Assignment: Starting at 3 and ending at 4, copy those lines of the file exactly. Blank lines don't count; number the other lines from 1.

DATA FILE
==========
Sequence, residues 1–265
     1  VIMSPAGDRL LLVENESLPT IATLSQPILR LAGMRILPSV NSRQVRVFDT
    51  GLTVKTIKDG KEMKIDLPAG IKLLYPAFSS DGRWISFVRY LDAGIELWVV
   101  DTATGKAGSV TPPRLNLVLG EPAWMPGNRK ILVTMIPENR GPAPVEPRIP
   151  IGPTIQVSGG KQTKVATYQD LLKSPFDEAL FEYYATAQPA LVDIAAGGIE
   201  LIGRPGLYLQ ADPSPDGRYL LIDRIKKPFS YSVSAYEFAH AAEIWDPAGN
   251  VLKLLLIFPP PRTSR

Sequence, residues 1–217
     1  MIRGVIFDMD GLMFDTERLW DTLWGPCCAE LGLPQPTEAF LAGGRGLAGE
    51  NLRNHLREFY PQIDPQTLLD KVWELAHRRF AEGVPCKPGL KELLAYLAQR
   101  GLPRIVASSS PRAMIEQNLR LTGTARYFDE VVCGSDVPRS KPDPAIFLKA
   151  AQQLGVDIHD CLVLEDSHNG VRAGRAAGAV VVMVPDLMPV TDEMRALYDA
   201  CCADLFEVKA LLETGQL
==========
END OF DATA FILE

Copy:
    51  GLTVKTIKDG KEMKIDLPAG IKLLYPAFSS DGRWISFVRY LDAGIELWVV
   101  DTATGKAGSV TPPRLNLVLG EPAWMPGNRK ILVTMIPENR GPAPVEPRIP